What is the best tinder material when making a fire? The answer is simple: a dry, fibrous material that catches a spark even in wet conditions. Fire starting woes are compounded when the dry materials are not available. Every bug out bag, camping, hiking or emergency kit should include redundant layers for making fire.
Using a lighter does not guarantee fire. It may produce a flame (depending on the available conditions), but you will need dry tinder in your fire to get warm. However, you can make your own fire starter tabs and I am going to show you how.
- Jute twine (10 to 12 feet) – find the thicker twine if possible
- Wax (half-handful)
- Double boiler and stove (heat source)
- Nail or metal pin like a door hinge pin
- Variable speed drill (not necessary but does help a lot)
Set up your double boiler with enough water in the bottom container to make the top one float. Your kitchen stove will also work. However, to avoid igniting the wax, don’t use open flames or high heat directly on a pan with wax in the bottom.
Measure and then cut about 12 feet of jute twine. This is somewhere around 2 arm spans. Roll it around 3 of your fingers to make a loose bundle. After this, place it in the melted wax. Flip it over to completely saturate the jute. The twine is very absorbent and won’t take long to soak up the liquid wax. Put it aside and prepare your drill.
You don’t necessary need a drill, but it does make things easier. You could simply wind the twine around a nail or metal pin by hand. However, it is way easier to use a power tool!
Place the drill in a vice. Tie one end of the twine to the head end of the pin with a basic slip knot. Do this fairly quickly after removing the bundle from the wax. The longer you wait, the stiffer the waxed twine becomes.
Keep one hand on the trigger of the drill and use the other to hold the tag end of the twin. Slowly squeeze the trigger to begin winding the twine around the pin.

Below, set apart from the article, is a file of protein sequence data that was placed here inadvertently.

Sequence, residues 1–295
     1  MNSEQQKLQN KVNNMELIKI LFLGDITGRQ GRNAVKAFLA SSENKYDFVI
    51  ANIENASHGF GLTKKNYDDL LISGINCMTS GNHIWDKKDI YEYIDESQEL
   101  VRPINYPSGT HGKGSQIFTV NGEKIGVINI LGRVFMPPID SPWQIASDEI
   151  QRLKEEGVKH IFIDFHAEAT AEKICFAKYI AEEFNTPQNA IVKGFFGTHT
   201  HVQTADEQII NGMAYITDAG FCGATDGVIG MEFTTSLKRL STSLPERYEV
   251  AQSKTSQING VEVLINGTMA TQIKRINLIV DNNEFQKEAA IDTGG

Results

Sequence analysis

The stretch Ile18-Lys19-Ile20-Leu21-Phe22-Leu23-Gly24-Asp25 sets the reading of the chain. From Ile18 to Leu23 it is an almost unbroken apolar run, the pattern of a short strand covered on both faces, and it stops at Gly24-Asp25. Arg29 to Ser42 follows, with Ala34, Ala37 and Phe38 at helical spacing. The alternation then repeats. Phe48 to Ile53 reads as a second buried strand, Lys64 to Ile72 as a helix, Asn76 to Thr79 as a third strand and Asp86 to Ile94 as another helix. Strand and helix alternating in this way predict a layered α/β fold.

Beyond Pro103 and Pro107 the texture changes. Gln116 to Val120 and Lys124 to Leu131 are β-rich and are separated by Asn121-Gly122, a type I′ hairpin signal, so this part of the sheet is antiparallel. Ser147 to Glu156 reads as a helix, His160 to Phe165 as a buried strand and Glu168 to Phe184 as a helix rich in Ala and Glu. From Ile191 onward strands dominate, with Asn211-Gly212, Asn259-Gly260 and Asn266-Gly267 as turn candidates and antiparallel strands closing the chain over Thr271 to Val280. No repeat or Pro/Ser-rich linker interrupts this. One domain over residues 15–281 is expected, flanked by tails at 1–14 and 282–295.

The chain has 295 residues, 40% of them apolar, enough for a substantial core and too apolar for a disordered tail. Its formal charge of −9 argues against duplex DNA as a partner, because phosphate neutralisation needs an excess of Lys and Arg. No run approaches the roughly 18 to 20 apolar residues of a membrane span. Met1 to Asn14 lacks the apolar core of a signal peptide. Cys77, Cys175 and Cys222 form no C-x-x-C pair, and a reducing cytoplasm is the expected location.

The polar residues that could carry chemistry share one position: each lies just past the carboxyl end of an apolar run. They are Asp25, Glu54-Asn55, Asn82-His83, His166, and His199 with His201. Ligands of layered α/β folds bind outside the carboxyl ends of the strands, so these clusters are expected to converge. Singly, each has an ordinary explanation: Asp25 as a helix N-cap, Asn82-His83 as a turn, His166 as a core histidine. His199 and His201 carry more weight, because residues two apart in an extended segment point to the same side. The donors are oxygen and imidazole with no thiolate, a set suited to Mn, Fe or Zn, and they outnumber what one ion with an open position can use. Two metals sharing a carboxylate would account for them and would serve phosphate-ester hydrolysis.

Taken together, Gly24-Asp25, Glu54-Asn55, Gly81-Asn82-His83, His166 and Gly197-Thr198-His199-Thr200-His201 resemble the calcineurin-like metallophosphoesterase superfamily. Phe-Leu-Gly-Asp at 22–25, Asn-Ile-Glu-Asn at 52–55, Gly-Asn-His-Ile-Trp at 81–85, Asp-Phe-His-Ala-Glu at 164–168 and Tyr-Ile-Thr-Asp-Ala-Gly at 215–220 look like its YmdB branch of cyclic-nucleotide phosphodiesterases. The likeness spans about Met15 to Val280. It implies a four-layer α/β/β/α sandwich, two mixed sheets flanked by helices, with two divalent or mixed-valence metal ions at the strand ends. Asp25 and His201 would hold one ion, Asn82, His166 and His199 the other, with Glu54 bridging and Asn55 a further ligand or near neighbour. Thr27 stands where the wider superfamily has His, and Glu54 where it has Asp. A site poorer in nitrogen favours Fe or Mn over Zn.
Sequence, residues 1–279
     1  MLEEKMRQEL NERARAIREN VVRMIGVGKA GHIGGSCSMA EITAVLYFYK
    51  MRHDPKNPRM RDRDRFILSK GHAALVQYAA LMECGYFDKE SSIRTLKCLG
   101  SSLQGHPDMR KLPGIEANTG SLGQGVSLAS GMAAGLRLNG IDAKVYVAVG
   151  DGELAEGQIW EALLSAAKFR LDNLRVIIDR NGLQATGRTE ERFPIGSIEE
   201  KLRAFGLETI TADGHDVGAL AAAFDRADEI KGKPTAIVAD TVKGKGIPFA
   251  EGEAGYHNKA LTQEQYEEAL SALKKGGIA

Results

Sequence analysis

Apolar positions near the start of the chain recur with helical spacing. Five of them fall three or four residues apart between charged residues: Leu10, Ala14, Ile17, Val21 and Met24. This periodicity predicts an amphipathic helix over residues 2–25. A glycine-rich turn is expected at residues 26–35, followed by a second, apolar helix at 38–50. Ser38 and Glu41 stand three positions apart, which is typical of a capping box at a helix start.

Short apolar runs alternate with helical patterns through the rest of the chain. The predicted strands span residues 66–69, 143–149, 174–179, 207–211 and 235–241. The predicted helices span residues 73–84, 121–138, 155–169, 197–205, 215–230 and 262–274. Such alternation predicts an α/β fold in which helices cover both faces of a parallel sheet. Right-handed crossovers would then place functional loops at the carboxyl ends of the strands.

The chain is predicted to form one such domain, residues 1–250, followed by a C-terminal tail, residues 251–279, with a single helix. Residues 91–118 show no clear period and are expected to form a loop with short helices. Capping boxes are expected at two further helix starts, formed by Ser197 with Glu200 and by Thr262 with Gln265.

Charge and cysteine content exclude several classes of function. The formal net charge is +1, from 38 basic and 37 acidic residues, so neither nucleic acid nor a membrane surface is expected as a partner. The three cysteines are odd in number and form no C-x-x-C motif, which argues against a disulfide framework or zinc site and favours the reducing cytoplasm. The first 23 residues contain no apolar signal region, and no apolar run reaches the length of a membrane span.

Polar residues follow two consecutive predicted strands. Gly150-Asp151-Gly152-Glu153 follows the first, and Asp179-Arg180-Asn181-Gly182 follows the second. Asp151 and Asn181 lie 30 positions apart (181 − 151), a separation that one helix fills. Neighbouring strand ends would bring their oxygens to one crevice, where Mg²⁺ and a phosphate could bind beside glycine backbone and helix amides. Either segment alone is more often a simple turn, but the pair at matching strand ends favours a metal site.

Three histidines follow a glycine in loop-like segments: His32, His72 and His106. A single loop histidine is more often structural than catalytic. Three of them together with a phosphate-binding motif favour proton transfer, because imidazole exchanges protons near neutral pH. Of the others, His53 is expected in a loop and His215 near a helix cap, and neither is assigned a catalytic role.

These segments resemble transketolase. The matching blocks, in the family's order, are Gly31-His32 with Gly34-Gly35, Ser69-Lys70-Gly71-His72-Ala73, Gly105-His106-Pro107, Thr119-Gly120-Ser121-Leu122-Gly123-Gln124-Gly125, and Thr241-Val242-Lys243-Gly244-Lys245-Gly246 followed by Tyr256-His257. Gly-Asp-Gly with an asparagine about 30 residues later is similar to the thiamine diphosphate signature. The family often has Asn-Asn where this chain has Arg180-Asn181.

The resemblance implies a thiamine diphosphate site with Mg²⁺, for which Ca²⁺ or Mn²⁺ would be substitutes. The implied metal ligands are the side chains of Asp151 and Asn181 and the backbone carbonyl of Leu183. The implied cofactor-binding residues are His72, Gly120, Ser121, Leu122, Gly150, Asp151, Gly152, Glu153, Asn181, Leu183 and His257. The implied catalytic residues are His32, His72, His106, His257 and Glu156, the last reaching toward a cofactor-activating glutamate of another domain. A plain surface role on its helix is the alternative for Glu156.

You are trying to coil the cord almost to the drill bit opening on your first pass. When you reach that point near the drill, guide the twine back to the other end.
Remove the pin from the drill. Hold the bundle in your hand and press it gently down on a hard surface, causing the head end of the pin to emerge from the top of the bundle. After that, grab the end and pull. If you used a small metal pin, the bundle will slide with little effort.
Tie the loose tag end at the middle of the bundle, leaving a 1-inch tag to hang freely. This loose tag end is where you’ll start unrolling pieces from the bundle.
While the wax is still liquid, hold the knot end of the bundle and coat with the remaining melted wax on all sides. Hang it from the knot with a clip to dry. Once dry, repeat this step twice.
Your bundle will now look very similar to a honeycomb, with three layers of wax.
In order to use it, find the short tag end at the middle of the bundle from step 4. Untie and roll off a 2-inch section. The wax will crumble, but won’t affect the waterproofing.
Now, process the piece by pulling and fraying the individual strands to create a fibrous looking nest. All you have to do at this point is light it up!
Now you are ready to beat the odds with this waterproof hack. You never know when you need to set up a fire in poor conditions, so you’d better start prepping accordingly!
Do you know any other hacks that guarantee fire? Share your thoughts in the comments section below.